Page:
Kathmandu, October 13
Nepal observed the World Sight Day today with the theme ‘Stronger Together’ to raise awareness about preventable and curable blindness.
World Sight Day is a special annual event of awareness that is celebrated across the world each year to focus on blindness and vision impairment.
Aligned with the World Health Organisation, International Agency for the Prevention of Blindness has targeted 25 per cent reduction in the prevalence of avoidable visual impairment by 2020 from the baseline of 2010.
A press statement issued by Tilganga Institute of Ophthalmology said it is coordinating with all agencies involved in eye care to achieve the target. World Sight Day has since been integrated into ‘Vision 2020: The Right to Sight’ and is coordinated by IAPB in cooperation with the WHO.
The TIO is concentrating its eye health programmes in earthquake-affected areas in the capital and outside.
On this occasion, TIO and its community eye centres registered patients below the age of 18 and above the age of 60 for free of cost besides raising awareness about the importance of eye health in the presence of representatives from governmental and non-governmental agencies, general public and eye patients.
According to Epidemiology of blindness in Nepal, 2012, Nepal has a population of an estimated 100,000 visually impaired (who cannot count fingers from a distance of three metres) and 2.5 per cent of people of above 50 years of age (who cannot count fingers from a distance of three metres).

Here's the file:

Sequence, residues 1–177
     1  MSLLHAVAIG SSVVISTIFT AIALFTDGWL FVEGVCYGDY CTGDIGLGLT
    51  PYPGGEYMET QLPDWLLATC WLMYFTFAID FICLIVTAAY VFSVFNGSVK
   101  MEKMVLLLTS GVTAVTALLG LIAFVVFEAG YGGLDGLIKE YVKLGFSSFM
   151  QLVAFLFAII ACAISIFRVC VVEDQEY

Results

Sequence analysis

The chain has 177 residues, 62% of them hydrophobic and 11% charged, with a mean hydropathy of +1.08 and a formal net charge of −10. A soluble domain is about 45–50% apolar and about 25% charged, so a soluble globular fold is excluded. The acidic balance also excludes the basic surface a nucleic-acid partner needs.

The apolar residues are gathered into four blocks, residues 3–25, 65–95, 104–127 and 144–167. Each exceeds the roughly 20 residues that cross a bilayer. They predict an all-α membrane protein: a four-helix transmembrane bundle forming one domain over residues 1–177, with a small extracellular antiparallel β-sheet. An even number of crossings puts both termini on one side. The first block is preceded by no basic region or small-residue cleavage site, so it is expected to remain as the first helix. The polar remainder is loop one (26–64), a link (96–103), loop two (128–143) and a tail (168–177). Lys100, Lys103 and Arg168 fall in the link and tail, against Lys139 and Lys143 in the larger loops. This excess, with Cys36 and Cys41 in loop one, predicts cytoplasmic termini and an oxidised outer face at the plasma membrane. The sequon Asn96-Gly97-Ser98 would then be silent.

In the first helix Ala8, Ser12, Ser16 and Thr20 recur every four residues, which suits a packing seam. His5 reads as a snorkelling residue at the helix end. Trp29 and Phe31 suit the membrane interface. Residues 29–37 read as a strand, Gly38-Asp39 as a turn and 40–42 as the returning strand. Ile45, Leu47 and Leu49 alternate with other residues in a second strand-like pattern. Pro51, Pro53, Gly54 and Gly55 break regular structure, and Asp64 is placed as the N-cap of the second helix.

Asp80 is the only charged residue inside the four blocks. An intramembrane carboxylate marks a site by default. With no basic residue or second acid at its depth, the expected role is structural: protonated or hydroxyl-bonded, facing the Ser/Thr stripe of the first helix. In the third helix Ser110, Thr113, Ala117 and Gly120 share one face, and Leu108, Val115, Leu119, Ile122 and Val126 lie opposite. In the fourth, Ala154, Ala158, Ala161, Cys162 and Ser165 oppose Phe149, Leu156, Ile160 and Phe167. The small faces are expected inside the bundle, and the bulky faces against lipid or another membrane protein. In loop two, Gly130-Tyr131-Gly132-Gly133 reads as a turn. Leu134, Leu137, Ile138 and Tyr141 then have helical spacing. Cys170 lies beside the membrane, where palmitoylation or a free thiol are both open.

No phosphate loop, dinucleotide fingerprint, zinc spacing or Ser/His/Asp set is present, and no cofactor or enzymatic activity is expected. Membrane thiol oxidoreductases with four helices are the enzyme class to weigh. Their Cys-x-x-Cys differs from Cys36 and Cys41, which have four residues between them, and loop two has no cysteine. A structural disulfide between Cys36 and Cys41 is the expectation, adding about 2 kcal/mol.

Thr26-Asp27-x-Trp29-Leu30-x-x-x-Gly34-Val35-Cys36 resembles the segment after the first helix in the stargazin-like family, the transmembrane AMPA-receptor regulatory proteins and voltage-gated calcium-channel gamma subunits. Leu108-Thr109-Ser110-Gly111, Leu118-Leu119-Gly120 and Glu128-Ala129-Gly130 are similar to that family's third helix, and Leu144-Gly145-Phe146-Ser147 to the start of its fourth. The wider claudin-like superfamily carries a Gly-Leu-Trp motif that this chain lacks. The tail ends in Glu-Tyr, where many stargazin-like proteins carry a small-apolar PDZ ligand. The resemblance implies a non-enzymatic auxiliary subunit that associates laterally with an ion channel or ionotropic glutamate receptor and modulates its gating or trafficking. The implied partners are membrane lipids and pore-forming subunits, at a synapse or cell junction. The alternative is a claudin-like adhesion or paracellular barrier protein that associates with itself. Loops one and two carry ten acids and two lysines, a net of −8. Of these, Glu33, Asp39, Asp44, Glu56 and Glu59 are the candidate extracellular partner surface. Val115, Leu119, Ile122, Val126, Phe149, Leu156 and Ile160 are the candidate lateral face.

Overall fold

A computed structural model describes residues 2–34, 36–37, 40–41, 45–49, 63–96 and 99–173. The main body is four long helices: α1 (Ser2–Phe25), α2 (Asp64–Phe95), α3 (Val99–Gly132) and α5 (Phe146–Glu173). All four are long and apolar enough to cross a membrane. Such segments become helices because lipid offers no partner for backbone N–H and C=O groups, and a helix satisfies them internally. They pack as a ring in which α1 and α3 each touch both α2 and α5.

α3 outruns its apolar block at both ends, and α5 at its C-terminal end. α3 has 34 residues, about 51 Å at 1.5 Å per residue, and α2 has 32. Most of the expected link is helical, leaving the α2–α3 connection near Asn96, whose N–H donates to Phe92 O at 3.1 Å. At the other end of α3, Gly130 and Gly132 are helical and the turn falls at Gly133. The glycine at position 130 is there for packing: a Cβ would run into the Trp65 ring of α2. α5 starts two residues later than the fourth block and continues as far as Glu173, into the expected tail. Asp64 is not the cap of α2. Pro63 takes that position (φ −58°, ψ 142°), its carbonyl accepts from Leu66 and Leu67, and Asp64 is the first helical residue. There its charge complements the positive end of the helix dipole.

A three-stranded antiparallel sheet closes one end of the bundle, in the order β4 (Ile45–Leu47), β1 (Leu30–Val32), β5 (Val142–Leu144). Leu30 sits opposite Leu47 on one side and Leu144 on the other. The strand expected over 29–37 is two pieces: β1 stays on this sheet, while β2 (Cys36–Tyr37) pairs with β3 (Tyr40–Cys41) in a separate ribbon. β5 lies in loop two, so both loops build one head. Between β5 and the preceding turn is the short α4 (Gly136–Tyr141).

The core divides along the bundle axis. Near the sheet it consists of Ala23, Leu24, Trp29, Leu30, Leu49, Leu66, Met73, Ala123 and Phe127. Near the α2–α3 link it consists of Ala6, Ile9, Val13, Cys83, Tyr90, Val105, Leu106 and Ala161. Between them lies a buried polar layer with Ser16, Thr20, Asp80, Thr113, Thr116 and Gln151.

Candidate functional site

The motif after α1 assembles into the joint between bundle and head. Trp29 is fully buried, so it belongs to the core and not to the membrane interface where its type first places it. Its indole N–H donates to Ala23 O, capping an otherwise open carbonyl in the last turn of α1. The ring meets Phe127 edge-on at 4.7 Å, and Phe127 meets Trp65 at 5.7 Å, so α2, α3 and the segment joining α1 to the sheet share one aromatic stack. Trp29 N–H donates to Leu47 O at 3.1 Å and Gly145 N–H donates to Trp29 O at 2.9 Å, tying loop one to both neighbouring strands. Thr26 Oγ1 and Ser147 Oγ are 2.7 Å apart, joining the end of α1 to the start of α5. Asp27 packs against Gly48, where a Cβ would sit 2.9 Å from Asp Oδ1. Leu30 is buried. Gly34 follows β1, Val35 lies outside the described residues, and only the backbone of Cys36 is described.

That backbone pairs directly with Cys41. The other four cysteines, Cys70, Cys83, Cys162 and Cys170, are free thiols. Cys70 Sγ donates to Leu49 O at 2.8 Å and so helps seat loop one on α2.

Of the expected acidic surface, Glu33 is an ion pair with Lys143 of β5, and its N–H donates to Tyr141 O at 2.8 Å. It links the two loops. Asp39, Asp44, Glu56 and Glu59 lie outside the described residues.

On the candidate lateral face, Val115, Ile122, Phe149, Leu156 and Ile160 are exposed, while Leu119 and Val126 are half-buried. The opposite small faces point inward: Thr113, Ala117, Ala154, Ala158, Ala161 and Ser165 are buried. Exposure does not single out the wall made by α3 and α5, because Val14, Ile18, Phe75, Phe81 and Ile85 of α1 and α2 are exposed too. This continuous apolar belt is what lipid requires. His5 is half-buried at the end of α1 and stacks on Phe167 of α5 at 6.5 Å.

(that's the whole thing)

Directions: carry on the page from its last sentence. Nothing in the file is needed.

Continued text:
Similarly, 66 per cent and 16 percent of the population suffers from treatable and preventable visual impairment respectively.
Cataract is responsible for 65 per cent of blindness in Nepal followed by retinal disease (9 per cent), (6 per cent), glaucoma (5 per cent), and uncorrected aphakia (4 per cent) among others.
According to the IAPB, four out of five cases of blindness can be prevented and treated. Approximately 285 million people worldwide live with low vision and blindness. Of these, 39 million people are blind and 246 million have moderate or severe visual impairment.
Around 90 per cent of visually impaired people live in low-income countries and 65 per cent of all people who are visually impaired are above 50 years of age.